The Ultimate Sales Funnel For Local Brick and Mortar Businesses

by | Jun 4, 2016 | Sales Strategies | 5 comments

Reading Time: 6 Minutes

There’s a surplus of information on the internet to help scale small and medium online businesses. However, this number quickly dries up and trickles down to almost nothing when it comes to local businesses.

As business owners, we spend an awful lot of time obsessing over the best ways to attract more customers. That is why, today I want to show you just how to do that by creating a sales Funnel online.

We’ll see how to use online tools and make it profitable for an offline business. Your offline business can be a pharmacy, health shop, gym, hair salon, cafe or anything else catering to a certain niche.

Related Article: What is a Sales Funnel and how can it benefit businesses?

How Does The Sales Funnel Work?

Think of your Sales Funnel as a small set of stairs leading to your shop’s front door. Each step forward brings your customers another step closer to purchasing from you.

In marketers’ textbook, there are 5 steps that a customer goes through before they become a customer.


Representation of a Funnel by weBOUND marketing



Just like online businesses, your Funnel starts by understanding customer behavior and mapping their journey.


Your prospects are aware of your retail store or opening. On top, they know the products or services you are offering.

This is the top of the funnel. At this stage, your aim is to make as many people aware of your existence and offers. Flyers, local ads, and posters around the locality are great affordable options.

Go online

Just because you do not sell online, doesn’t mean you should ignore your online resources.

Leverage the power of the internet. Set up your Facebook page and a website. Facebook page is free and there are loads of affordable options for websites.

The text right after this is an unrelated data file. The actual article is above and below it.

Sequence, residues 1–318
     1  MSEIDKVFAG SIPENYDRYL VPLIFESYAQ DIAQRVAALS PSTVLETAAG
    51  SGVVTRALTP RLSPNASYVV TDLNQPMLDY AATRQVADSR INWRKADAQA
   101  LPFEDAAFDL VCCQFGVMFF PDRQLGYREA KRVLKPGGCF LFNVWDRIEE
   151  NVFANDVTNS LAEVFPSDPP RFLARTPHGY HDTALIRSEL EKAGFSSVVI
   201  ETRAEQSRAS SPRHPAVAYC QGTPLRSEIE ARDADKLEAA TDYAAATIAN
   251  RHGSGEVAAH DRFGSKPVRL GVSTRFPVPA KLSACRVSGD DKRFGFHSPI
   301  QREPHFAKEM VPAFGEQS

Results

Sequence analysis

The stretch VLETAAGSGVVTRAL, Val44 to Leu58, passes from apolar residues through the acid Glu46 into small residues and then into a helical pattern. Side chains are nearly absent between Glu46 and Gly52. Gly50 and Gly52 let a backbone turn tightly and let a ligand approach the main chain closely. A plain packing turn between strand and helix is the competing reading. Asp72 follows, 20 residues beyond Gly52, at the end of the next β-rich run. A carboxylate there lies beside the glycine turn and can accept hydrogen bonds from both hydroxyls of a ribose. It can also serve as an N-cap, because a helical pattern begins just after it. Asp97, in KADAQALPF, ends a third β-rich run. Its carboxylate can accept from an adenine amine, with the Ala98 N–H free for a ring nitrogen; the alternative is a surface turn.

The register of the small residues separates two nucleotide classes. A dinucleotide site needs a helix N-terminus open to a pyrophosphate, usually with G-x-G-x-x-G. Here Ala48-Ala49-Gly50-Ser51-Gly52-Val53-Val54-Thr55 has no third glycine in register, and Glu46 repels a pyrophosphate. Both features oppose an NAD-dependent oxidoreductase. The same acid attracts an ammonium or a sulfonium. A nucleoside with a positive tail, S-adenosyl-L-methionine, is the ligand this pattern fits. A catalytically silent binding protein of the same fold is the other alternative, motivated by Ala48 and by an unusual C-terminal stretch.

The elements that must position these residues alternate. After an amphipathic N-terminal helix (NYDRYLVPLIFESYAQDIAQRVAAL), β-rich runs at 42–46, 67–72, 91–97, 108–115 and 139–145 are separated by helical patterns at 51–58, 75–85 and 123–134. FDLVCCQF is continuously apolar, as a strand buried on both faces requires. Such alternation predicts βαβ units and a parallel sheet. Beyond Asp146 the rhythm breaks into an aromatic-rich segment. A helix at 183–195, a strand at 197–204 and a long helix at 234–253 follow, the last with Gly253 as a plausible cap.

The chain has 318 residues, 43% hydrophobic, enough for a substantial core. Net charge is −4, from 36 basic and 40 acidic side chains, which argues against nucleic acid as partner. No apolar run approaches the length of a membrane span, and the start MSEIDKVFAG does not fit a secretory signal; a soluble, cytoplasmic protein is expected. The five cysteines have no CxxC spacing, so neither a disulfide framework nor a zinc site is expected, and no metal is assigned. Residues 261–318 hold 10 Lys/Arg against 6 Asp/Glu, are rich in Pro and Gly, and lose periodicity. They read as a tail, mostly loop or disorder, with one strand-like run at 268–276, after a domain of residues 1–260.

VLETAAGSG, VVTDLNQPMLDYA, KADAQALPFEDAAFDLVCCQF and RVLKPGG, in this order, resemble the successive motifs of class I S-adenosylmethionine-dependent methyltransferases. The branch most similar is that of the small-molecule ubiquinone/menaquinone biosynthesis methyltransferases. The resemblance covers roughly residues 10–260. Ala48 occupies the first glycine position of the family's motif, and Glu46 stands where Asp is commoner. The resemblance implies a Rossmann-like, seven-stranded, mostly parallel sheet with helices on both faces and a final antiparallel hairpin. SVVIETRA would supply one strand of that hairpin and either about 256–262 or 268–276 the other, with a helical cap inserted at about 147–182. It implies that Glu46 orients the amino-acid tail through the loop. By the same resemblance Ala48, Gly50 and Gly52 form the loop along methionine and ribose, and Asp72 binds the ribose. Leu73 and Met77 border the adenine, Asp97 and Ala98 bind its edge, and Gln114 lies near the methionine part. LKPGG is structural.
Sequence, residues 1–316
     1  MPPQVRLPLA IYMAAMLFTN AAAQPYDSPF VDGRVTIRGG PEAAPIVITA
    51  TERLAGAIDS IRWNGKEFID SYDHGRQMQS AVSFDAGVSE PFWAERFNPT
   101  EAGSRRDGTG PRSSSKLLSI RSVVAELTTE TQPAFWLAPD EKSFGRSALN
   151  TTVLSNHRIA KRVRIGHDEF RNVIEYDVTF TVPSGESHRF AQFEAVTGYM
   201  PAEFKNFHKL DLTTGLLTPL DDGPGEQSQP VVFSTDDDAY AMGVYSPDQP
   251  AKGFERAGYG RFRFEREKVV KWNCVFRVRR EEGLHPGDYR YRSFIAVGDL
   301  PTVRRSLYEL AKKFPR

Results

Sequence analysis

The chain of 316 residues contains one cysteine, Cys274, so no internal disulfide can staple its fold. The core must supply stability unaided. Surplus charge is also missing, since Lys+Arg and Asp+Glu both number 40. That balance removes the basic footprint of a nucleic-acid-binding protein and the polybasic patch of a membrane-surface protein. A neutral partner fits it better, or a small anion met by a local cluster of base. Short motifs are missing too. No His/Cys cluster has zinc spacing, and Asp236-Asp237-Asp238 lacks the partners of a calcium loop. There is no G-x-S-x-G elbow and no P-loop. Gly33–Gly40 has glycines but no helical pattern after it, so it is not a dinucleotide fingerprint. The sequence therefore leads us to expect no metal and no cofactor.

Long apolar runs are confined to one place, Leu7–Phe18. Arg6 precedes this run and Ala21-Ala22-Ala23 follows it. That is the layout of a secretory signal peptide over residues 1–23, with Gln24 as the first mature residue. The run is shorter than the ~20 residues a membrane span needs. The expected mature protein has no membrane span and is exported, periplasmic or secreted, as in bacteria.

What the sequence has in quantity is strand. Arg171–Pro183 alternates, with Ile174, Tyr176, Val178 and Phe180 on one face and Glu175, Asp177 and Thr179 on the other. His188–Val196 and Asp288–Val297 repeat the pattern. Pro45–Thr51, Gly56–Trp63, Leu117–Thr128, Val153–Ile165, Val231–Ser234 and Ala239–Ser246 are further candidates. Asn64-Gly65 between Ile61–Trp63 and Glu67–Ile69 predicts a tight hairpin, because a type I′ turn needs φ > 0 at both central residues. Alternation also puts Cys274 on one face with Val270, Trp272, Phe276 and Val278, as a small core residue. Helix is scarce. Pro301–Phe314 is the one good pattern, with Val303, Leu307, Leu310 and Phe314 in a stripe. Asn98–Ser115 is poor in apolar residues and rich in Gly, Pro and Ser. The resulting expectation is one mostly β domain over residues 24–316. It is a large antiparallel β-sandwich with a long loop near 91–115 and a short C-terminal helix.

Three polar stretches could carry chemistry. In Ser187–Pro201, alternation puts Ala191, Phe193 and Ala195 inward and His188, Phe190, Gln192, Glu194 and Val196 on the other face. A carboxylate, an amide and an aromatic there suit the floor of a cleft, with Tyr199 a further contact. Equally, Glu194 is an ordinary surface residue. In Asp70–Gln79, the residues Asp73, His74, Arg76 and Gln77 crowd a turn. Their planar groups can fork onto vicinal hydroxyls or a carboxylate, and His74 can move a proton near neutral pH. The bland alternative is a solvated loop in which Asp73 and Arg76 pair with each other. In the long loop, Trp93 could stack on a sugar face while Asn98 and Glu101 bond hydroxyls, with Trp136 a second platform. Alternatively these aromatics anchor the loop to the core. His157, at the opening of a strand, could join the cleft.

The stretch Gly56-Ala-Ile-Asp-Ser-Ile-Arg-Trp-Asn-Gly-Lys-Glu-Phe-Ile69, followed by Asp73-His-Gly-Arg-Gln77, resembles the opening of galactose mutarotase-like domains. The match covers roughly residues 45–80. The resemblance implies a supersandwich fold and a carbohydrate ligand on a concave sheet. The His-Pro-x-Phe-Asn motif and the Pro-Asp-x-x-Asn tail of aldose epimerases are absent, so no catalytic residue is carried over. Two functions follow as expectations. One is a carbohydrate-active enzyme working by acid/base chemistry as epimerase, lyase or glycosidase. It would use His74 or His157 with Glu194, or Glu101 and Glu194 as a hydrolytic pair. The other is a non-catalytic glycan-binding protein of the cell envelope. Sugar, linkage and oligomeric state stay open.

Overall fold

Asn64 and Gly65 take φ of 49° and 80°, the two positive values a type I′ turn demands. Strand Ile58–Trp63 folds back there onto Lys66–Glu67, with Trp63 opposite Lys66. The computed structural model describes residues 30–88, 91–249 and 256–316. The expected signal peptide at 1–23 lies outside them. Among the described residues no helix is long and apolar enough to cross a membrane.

My personal favorite for a website is Wordpress (need some basic HTML knowledge).

There are other great drag and drop web building tools like Weebly, Wix, and Squarespace you can use without any knowledge of coding. You can get yourself a professional website in a matter of hours.

Find the right tools

Let’s say you are a home builder or an interior designer.

Almost 80% of all new home buyers go online to find their home builders and decorators. This straight away tells us where you should be.

At the top of your funnel, you need a website, and a landing page to capture leads.

Next, thing, go social. Pinterest is a great place for home builders. Why? They have 150 million users seeking information and advice, 67% of Pinners are under the age of 40 and 54 percent of women are aged between 34 and 55, plus 35 percent of them have household incomes of over $100,000.


Pinterest result page for "interior design"


Educate your audience here with images and ideas by linking the images back to your landing page. Furthermore, offer them a lead magnet in exchange for their contact details.

Next, engage with them through a planned marketing campaign. This is a great way to show your prowess in your field and guide them down the funnel.

Another great tool for your funnel is Houzz, which is like a Google + Pinterest search engine for the remodeling and decoration industry. They already have a huge following in the USA and growing fast in Europe. Houzz boasts a 25 million user base. Consider them your industry and sign up for free.


This is where the magic happens. Interest can be created in many ways for a local business outlet, meaning it could be as easy as an attractive store window.

Storefront with ads for alcoholic beverages

You know your business best and need to get creative at this point in order to see how you can arouse interest and engage with your prospects.

If you run a fitness center or a gym, offer a free training session and not just a tour. If you own a pharmacy, let people know about the great offers. Mention a discount in exchange for their email addresses or free home delivery for phone purchases.

Remember, engagement is key in this phase and the next one. You can do this in many ways.

Here’s an example.

One of my clients opened a café in London offering Belgian truffles, coffees, and beers. She barely broke even after the first 6 months.